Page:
Event Title

Re-contextualizing Traditional Dances in the Ghana Educational System

Location

Bobo Room, Hodgin Hall, Third Floor

Start Date

8-11-2017 10:45 AM

End Date

8-11-2017 11:45 AM

Description

Ghanaian traditional dances have come under threat due to modernity and Christianity. I will relate modernity as a western system of schooling. For the most part, schools were organized by the European missionaries and had a strong Christian bias. The consequences of this education were the specific orientation to western moral codes and conduct. This has real implication for the society since the Ghanaian people were encouraged to turn from the articulation of their dances, customs and tradition. Ghanaian traditional dances are considered as backward by the missionary and spiritual churches in Ghana. Natives have marginalized traditional dance practices because of their Christian faith. These dances and their musical traditions faced extinction by these churches because their performances are said to have come from the worshipping of deities and spiritual beings. These traditional dances will vanish in the years to come as a result losing our identity as people. This project addresses how Ghanaian traditional dance forms are taught in the Universities in Ghana. Traditional dance forms face challenges in the educational sector because it is not a subject course in the primary or secondary schools. The Ghanaian government has not included traditional dance in the curriculum as a holistic subject where students can be tested on their knowledge. That is because there are many traditional dances embedded in Ghanaian cultural systems which make it difficult for the government to adopt one form of traditional dance to be taught at primary and secondary schools. These practices endanger traditional dances in Ghana. My study will assist in the understanding of traditional dances in the context of Ghana and the world as a whole. It will generate knowledge on Ghanaian dances, and develop new methodologies that can serve as a point of reference for researchers, and potentially shift public policies to support traditional dance practices.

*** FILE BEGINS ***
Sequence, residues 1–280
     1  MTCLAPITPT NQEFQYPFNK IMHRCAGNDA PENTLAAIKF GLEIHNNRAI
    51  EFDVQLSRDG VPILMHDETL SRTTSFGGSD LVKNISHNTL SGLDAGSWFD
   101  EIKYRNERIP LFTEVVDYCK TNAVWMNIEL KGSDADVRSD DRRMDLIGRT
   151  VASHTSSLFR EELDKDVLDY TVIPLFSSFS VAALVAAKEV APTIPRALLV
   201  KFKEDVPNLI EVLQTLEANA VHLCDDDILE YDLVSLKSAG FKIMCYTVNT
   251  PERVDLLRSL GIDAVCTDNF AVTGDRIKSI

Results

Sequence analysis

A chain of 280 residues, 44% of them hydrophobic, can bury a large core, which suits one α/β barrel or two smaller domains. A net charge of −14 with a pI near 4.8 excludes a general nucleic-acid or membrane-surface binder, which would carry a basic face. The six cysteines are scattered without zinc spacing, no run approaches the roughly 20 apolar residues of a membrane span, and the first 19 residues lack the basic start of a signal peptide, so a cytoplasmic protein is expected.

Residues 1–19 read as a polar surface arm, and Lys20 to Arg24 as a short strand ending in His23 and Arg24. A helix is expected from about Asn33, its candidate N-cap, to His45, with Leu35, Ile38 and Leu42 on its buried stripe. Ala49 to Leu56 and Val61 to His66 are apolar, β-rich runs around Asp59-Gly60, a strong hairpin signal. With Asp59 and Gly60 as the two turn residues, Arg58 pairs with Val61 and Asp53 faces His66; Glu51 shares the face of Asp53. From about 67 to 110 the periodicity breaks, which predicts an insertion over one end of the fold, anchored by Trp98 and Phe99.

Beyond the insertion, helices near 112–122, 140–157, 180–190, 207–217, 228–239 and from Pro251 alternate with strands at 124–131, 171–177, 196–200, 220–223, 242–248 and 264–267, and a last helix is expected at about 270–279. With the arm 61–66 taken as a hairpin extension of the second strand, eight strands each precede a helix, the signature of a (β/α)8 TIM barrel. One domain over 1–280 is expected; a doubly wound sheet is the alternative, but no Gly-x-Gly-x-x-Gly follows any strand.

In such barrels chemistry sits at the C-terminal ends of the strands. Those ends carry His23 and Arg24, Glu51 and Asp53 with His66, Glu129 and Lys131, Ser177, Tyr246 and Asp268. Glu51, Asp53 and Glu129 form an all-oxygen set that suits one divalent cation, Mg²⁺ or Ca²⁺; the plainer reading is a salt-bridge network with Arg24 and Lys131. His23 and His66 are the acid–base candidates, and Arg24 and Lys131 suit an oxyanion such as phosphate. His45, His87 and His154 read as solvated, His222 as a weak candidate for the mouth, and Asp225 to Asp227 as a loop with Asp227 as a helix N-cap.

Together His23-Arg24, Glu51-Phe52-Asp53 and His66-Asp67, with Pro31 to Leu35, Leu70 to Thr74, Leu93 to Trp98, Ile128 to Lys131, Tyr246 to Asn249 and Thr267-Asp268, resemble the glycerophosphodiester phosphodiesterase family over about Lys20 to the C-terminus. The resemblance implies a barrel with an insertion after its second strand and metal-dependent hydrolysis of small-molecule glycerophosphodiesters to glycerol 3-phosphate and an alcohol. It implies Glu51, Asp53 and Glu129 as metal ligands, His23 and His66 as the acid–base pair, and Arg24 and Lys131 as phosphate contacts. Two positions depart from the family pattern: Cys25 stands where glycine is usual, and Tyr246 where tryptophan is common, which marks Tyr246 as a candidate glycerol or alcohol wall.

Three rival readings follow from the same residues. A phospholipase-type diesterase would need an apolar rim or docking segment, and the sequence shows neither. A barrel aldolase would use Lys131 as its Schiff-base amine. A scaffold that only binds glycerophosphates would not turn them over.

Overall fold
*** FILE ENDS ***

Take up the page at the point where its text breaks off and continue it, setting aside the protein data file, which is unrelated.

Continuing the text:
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Nov 8th, 10:45 AM Nov 8th, 11:45 AM

Re-contextualizing Traditional Dances in the Ghana Educational System

Bobo Room, Hodgin Hall, Third Floor

Ghanaian traditional dances have come under threat due to modernity and Christianity. I will relate modernity as a western system of schooling. For the most part, schools were organized by the European missionaries and had a strong Christian bias. The consequences of this education were the specific orientation to western moral codes and conduct. This has real implication for the society since the Ghanaian people were encouraged to turn from the articulation of their dances, customs and tradition. Ghanaian traditional dances are considered as backward by the missionary and spiritual churches in Ghana. Natives have marginalized traditional dance practices because of their Christian faith. These dances and their musical traditions faced extinction by these churches because their performances are said to have come from the worshipping of deities and spiritual beings. These traditional dances will vanish in the years to come as a result losing our identity as people. This project addresses how Ghanaian traditional dance forms are taught in the Universities in Ghana. Traditional dance forms face challenges in the educational sector because it is not a subject course in the primary or secondary schools. The Ghanaian government has not included traditional dance in the curriculum as a holistic subject where students can be tested on their knowledge. That is because there are many traditional dances embedded in Ghanaian cultural systems which make it difficult for the government to adopt one form of traditional dance to be taught at primary and secondary schools. These practices endanger traditional dances in Ghana. My study will assist in the understanding of traditional dances in the context of Ghana and the world as a whole. It will generate knowledge on Ghanaian dances, and develop new methodologies that can serve as a point of reference for researchers, and potentially shift public policies to support traditional dance practices.